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4 Common Causes of Damp In The Home


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The Environmental Protection Agency maintains that 30% and 60% indoor humidity levels can offer significant home protection. That means you should try your best to monitor indoor humidity to prevent dampness. Unfortunately, this is an issue many Americans face in their homes. Therefore, it can be helpful to get some insight into the common causes of damp formation in homes.

  1. Long periods of condensation

When large quantities of warm water vapor come into contact with a cold surface, it becomes fertile ground for condensation to occur. The tricky thing is you cannot avoid the chances of it happening. That is because daily activities like taking hot baths or showers are the times when condensation is highest. Again, in the kitchen area where most of your cooking is done, warm air rises until it touches your cold glass window panes and cavity walls.

Upon contact, the warmer vapor cools down to form beads of moisture that get sucked into walls or double-glazed windows. Over time, the result is water damage to these surfaces. Another area of the home that condensation happens quite often is in the basement. To avoid expensive repairs with this type of damage, you may want to consider basement waterproofing to curtail dampness.

  1. Non-insulation of walls and floors

You are likely to pay up to $4 for an average floor or wall insulation. That is for every square foot of space. Indeed, there are differences depending on your location. While some may consider this as expensive, others think nothing of it. However, regardless of the side, you are on, it doesn’t change the fact that non-insulation of interior walls and floors can influence damp formation in the house.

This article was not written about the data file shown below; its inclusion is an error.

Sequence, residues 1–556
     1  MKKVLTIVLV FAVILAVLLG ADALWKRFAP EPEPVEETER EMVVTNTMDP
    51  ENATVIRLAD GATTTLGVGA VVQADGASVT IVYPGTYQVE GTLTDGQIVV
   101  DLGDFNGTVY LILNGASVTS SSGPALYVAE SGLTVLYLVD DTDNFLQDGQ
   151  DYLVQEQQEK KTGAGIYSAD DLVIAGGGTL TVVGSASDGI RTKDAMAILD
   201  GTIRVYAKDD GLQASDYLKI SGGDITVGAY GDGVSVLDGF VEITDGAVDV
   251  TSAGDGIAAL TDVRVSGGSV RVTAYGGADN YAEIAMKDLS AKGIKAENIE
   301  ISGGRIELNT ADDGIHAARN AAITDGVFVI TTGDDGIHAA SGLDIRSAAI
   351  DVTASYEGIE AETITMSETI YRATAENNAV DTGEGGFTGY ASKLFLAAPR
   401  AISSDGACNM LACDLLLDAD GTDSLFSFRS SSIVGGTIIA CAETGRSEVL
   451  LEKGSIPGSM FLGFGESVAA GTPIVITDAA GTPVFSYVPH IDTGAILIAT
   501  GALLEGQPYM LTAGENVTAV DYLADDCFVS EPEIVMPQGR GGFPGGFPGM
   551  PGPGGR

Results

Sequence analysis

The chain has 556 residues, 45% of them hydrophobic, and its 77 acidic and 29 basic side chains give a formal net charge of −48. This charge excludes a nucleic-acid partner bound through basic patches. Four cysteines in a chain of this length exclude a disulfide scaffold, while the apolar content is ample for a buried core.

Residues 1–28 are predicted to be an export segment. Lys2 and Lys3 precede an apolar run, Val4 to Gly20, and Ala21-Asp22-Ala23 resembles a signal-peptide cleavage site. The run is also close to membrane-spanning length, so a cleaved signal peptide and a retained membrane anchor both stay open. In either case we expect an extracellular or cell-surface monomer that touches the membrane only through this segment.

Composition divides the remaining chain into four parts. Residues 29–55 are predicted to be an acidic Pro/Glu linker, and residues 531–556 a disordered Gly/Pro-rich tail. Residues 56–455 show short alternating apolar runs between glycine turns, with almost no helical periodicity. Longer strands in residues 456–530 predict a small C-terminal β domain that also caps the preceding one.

Without a doubt, wall and floor insulations can contribute to your home’s energy efficiency. Unfortunately, available data suggest that US houses built before the 1970s are not likely to have any insulation in these areas. It also explains why most American homes with damp problems fall within 1968 and 1970 initial construction dates. Perhaps, if you are unsure about your home’s wall and floor insulation, it would help get professionals to conduct checks.

  1. Leaky underground pipes

You never know your home is dealing with leaky pipelines until damp begins. Indeed, in a scenario like that, you may be thankful that the damp indicated major plumbing works needed for your home. Speak of having to deal with two ‘home damage evils.’ Usually, leaky underground pipes are typical of old houses. However, that is not to say modern homes do not experience these too. The sooner it’s detected, the higher the chances of salvaging the situation.

  1. Poor ventilation in the home

Believe it or not, this is one of the most notable causes of dampness. Ideally, houses are built to ‘breathe.’ In other words, the positioning of windows and doors is done to aid easy airflow from the outdoors to the interior parts of the home. The exchange of air is what is termed proper home ventilation. Without this, your house can become very fertile ground for damp to begin.

Fortunately, there are several solutions to protect your home from the damp formation. As long as you employ the proper measures, you can get rid of dampness.

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